WASHINGTON, D.C. – Merle Haggard's (search) honky-tonk style has influenced generations of country singers and he's sung everything from the blues to his political views.
The country music legend was in Washington, D.C., this week with his sister Lillian Haggard Hoge to present items to the Smithsonian Museum of American History -- artifacts from the Dust Bowl days when his family moved from Oklahoma to California.
The items, including a quilt, a sewing machine and a camera, will be part of the Route 66 display at the Smithsonian's "America on the Move" exhibit, which opens in November.
But during the event, when someone asked him a political question, his sister quickly jumped in.
"Don't ask him, we don't have that much time,” she said, laughing.
Haggard joked, "I have a lot of opinions that I'd be afraid to express this close to the White House.”
The fact is, Haggard's music has always been full of opinion -- his lyrics often giving voice to beliefs held by the working man.
"I'm the guy that wrote 'The Fightin' Side of Me' also, so I'm very red, white and blue and very much concerned about our country,” he said.
Lyrics to this song include: "If you don't love it, leave it. Let this song that I'm singing be a warning 'cause when you're running down our country man, you're walking on the fighting side of me."
And at the event at the Smithsonian, Haggard reiterated his love for the United States.
"When you're tearing down our country, whether it's from the inside or the outside, I'm against it. I'd like to see America proud and unafraid again,” he said. “And I don't know if that will ever occur in my lifetime ... But that's what I hope."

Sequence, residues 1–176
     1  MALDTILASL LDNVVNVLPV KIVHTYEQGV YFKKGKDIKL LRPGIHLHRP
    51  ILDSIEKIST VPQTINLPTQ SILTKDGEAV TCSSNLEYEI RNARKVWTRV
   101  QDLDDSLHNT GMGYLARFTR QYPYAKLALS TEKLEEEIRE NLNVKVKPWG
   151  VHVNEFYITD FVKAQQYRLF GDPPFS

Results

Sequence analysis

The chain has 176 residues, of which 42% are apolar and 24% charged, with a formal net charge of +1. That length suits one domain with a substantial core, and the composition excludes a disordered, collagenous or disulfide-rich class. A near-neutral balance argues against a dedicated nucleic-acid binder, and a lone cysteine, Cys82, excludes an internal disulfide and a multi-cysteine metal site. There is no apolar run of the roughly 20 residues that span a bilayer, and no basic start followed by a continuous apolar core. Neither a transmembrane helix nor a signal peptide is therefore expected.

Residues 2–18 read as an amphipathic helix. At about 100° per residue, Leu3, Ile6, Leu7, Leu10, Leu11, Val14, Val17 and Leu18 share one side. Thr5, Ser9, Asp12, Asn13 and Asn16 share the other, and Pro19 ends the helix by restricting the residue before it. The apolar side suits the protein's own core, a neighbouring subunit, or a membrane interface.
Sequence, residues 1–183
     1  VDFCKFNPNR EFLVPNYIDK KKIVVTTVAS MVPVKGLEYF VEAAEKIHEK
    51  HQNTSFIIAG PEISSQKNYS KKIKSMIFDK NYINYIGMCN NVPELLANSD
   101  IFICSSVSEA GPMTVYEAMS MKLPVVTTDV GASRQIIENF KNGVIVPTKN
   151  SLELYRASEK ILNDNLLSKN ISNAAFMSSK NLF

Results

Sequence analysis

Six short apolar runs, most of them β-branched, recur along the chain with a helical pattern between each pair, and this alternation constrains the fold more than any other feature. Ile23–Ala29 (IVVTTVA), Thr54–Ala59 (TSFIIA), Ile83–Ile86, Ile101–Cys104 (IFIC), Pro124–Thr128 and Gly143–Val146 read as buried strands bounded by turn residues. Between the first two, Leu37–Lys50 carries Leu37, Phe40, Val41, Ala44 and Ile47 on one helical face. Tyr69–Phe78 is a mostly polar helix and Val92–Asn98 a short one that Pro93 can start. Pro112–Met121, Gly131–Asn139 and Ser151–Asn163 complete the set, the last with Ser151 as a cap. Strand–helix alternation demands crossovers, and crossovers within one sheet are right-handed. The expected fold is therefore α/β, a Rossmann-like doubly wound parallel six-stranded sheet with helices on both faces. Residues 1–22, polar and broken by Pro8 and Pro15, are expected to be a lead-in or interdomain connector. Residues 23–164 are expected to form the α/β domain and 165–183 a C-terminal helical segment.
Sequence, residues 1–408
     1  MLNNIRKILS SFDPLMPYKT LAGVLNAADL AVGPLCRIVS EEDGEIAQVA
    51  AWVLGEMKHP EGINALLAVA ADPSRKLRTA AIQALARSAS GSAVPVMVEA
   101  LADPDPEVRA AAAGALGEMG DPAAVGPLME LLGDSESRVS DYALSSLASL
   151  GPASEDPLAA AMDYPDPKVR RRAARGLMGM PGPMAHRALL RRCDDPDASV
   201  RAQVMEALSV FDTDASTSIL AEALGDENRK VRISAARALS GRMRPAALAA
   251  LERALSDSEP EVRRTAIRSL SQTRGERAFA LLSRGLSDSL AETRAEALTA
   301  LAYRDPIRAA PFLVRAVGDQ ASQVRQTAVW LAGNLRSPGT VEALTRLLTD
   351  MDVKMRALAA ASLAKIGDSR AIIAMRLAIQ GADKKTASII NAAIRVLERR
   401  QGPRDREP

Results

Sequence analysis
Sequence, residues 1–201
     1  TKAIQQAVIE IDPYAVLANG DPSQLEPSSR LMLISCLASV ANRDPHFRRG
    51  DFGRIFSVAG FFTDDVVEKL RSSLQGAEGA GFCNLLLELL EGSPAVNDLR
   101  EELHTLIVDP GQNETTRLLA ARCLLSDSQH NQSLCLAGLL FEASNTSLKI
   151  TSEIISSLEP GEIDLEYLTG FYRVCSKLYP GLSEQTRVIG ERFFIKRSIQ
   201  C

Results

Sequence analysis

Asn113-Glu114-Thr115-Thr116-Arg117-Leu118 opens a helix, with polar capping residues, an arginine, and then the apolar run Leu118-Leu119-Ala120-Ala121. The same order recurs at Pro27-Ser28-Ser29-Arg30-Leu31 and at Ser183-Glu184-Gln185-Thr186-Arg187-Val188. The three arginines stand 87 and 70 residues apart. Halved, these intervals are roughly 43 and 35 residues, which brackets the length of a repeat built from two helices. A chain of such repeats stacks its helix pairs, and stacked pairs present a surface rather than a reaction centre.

Today, Haggard's newest material suggests he is still watching world events from the perspective of the common man. As one new song goes: "Politicians do the talking. Soldiers pay the dues. Suddenly the war is over. That's the news."
And Haggard says he has questions about the aftermath of the war in Iraq and the war on terror.
“I wish we could find some weapons of mass destruction and I wish we could find Saddam Hussein (search). I wish we could find Usama bin Laden (search), and is it really going to happen, is there a chance of that, or is it just going to be swept under the carpet and forgot about?”
Strong opinions, for sure. But they happen to be the opinions of a man who has proven time and time again that he has his finger on the pulse of the working men and women of this country.
Haggard's spent nearly 40 years on the road -- singing his anthems about real life in the heartland.